In the seventies, the ALOHA system was proposed by Norman Abramson as an effective solution to provide for wireless access to computer systems. The ALOHA-net at the University of Hawaii employed fixed transmitters at islands located at ranges of several tens of kilometers. The main advantage of the ALOHA random access scheme was simplicity. Terminals can transmit their data regardless of the activity of other terminals. If a message is successful the base station sends an acknowledgement over a feedback channel. If the terminal does not received an acknowledgement, the terminal retransmits the message after waiting a random time. The delay is mainly determined by the probability that a packet is not received (because of interference from another transmission, called a "collision") and the average value of the random waiting time before a retransmission is made.
Later studies revealed that, for an infinite population of users and under certain channel conditions, the ALOHA system is unstable. Packets lost in a collision are retransmitted, but the retransmission again experiences a collision. This may set off an avalanche of retransmission attempts. Almost surely, the "backlog", i.e., the number of previously unsuccessful packets that need to be retransmitted, grows beyond any finite bound. One method to mitigate instability is to dynamically adapt the random waiting times of all terminals if the base station notices that many collisions occur. Examples of methods to ensure stability are Dynamic Frame Length (DFL) ALOHA, by Frits Schoute, or the Stack Algorithm by Boris Tsybakov et al. DFL uses a centralized control, mastered by the base station, while the stack algorithm is a decentralized method.
|See the collision resolution animation and the exercise.|
ALOHA in Mobile Radio Nets
The ALOHA concept is very commonly used in modern wireless communication systems. The call set-up procedure of almost any (analog or digital) cellular telephone system uses some kind of ALOHA random access. But the performance differs from what one would expect in a wireline network.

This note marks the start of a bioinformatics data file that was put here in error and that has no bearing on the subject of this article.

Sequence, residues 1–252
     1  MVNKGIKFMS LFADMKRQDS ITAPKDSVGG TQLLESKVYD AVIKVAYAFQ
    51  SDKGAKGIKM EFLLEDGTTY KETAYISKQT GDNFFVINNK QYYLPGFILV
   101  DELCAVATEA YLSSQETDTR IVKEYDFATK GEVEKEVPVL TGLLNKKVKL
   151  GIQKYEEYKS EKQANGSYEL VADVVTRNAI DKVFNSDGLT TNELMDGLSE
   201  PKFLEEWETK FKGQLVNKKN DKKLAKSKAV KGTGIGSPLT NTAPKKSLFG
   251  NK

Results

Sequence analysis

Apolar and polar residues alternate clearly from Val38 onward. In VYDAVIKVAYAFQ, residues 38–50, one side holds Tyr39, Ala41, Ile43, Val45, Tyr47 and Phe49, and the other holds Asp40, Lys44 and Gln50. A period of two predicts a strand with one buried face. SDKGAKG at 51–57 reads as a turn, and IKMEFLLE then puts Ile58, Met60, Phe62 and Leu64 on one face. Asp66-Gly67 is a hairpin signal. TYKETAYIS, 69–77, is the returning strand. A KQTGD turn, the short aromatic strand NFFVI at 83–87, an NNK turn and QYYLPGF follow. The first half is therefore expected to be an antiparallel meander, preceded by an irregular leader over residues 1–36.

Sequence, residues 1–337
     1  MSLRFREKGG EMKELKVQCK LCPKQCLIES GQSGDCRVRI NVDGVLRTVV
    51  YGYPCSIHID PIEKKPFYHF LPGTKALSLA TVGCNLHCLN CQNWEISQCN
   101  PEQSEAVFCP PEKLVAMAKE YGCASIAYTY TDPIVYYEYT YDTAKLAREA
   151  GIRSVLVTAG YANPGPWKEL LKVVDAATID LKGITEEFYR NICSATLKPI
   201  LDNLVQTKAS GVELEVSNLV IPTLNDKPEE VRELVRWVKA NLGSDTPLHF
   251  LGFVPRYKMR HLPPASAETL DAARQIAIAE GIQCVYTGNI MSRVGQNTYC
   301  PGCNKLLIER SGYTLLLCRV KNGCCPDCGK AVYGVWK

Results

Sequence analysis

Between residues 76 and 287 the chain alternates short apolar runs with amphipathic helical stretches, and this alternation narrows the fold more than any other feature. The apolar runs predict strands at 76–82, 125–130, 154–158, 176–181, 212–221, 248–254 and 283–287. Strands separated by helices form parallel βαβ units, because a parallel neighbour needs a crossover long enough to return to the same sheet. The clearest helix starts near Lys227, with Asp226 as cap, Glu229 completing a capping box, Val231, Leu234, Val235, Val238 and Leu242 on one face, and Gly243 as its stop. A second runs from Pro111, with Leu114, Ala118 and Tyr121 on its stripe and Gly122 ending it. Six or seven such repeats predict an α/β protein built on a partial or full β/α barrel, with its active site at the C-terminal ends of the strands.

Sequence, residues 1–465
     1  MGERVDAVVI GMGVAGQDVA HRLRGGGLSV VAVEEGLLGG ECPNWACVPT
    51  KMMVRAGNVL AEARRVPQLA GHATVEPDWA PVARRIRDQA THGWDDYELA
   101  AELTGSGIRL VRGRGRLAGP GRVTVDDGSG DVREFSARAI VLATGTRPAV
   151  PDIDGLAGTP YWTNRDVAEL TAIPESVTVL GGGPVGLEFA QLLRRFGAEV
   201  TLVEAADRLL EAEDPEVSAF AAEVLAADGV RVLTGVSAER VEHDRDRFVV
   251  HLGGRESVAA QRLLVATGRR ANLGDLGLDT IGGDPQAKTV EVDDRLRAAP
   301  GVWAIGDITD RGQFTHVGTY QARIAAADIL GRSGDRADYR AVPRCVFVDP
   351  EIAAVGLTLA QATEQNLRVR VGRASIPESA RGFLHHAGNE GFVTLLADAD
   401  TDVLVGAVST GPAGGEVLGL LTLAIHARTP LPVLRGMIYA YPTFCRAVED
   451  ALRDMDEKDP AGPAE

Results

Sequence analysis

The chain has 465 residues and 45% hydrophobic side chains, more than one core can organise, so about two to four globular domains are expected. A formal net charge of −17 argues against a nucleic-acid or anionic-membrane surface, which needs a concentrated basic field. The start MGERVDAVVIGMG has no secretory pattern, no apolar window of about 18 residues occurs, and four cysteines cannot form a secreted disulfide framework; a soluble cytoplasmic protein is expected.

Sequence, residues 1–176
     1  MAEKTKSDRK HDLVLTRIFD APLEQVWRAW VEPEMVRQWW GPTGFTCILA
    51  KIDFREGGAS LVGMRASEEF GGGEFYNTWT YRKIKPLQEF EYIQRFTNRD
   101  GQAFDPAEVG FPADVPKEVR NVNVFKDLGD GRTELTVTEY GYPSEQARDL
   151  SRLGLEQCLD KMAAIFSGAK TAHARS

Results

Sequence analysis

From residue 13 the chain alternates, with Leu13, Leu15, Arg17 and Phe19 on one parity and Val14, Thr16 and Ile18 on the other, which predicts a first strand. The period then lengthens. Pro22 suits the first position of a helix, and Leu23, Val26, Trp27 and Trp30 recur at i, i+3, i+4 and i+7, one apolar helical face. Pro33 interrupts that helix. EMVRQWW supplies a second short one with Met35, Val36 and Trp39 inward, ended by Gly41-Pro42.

In a radio channel, packets may be lost because of signal fading even if no contending other signal is present. On the other hand, packets may be received successfully despite interference from competing terminals. This is called `receiver capture'. This effect has a significant influence on the throughput.
Optimum frequency reuse for ALOHA Random Access networks differs from frequency reuse for telephony, because the performance criteria differ (throughput / delay versus outage probability, respectively). The best reuse pattern for an ALOHA system is to use the same frequency in all cells.
Figure: Description of terminal behavior in ALOHA random access network
In unslotted ALOHA, a transmission may start at any time. In slotted ALOHA the time axis is divided to slots. All terminals are assumed to know the times at which a new slot begins. Packets may only be transmitted at the beginning of a new slot. Slotted ALOHA has significantly better throughput than unslotted ALOHA.
If the transmitter-to-receiver propagation time is large and unknown, the slot time must be equal to the packet length plus a sufficiently large guard time. In the call set-up of GSM, random access packets are substantially shorter than normal telephone speech blocks: During call set-up the propagation time is still unknown because the subscriber can be anywhere in the cell. During the call, the propagation times are measured and the terminal transmitter will compensate for it, by sending all blocks a bit in advance. A closed-loop control circuit, sending adaptive timing advance/delay feedback information, is used to ensure that the timing remains correct even if the subscribers moves in the cell.
Relevant performance measures are